Friday, June 4, 2010

Gamble Plantatation Historic State Park - Ellenton, Florida

The beautiful old Gamble Plantation house in Ellenton - just south of Tampa Bay - is the last standing original plantation house in South Florida and is one of the most beautiful pieces of architecture in the state.

Built in 1845-1850 by Major Robert Gamble, who farmed sugar cane along the Manatee River, the house was once the center of a massive plantation that covered thousands of acres of land. The area, with its low swampy land, was ideal for growing sugar cane and the plantation consisted of both growing operations and a sugar mill.

Gamble had to give up the farm before the Civil War when sugar prices fell and by the time of that conflict it was in the hands of Archibald McNeill, a noted sea captain. When the Union blockade began to close Florida's ports to commerce, McNeill developed a new career as a blockade runner. He ran small ships in and out of the small harbors and inlets along Florida's Gulf Coast and became one of the best known such captains active during the war.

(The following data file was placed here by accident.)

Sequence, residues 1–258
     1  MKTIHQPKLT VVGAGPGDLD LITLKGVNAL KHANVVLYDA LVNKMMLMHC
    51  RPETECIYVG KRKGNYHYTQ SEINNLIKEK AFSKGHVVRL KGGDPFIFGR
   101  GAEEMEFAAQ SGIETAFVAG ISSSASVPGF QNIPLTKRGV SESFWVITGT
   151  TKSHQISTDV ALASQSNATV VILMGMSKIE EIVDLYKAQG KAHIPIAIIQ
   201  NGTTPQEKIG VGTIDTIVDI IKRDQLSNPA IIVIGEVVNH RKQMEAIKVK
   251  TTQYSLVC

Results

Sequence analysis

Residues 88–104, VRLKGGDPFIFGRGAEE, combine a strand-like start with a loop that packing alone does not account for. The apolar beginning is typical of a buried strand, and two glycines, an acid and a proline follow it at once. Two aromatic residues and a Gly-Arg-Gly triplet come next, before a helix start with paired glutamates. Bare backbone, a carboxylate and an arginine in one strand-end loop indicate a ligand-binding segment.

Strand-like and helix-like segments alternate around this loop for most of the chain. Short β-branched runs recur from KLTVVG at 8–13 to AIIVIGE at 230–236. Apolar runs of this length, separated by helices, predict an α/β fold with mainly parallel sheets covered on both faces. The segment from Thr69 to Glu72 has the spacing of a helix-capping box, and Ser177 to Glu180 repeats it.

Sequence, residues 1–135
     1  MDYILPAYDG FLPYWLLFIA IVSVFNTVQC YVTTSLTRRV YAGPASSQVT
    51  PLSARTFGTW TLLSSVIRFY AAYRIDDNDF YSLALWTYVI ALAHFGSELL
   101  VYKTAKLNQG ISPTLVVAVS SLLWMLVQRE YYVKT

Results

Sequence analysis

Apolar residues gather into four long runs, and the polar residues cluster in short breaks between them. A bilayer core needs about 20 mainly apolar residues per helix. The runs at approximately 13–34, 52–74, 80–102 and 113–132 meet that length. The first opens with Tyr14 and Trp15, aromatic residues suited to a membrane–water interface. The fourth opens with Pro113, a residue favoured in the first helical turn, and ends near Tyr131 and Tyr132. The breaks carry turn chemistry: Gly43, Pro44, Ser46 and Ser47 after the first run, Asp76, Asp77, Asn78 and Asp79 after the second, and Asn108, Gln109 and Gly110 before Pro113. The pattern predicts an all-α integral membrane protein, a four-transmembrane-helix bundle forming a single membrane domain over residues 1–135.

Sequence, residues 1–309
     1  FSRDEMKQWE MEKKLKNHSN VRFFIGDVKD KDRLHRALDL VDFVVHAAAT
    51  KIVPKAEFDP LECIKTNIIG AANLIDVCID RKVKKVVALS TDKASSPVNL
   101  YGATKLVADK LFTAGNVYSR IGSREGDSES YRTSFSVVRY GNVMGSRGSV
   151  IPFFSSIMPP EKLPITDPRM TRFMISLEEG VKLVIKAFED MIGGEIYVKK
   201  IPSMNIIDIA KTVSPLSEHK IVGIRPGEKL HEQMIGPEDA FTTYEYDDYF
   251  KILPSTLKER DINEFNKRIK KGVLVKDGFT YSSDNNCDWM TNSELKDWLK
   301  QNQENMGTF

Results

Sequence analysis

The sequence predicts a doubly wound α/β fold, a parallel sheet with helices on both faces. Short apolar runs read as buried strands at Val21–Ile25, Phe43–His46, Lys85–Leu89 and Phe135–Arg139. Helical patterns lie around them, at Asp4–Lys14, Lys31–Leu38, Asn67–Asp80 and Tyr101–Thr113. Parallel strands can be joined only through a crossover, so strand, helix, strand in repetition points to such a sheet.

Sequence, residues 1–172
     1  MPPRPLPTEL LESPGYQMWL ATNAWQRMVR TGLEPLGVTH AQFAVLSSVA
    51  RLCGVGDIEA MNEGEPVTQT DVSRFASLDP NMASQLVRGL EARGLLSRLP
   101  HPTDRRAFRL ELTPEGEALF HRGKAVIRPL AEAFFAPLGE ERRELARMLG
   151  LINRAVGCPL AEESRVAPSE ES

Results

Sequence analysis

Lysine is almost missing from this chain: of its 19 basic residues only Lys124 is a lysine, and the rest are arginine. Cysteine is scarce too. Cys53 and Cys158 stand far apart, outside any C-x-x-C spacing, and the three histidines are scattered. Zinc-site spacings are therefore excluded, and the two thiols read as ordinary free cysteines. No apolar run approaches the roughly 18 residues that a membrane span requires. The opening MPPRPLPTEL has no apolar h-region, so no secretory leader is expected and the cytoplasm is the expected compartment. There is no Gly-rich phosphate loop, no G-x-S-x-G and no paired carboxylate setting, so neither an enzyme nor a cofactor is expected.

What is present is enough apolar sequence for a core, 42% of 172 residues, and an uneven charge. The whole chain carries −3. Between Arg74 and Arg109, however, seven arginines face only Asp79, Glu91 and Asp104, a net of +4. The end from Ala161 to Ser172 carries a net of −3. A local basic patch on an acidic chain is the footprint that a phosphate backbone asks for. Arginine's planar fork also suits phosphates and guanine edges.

His home was a logical destination for the Confederate officials that fled Richmond when the Southern capital fell in 1865. One of these, Secretary of State Judah P. Benjamin (above at left), made his way south into Florida in May of 1865. Reaching the Gamble Mansion, he remained there until Captain McNeill was able to prepare a blockade runner to carry him out past the Union warships offshore. He became one of the few key Confederate officials to escape capture by Union forces.

The house is now the key feature of Gamble Plantation Historic State Park and can be toured Thursday through Monday. The grounds are open year-round. To learn more, please visit

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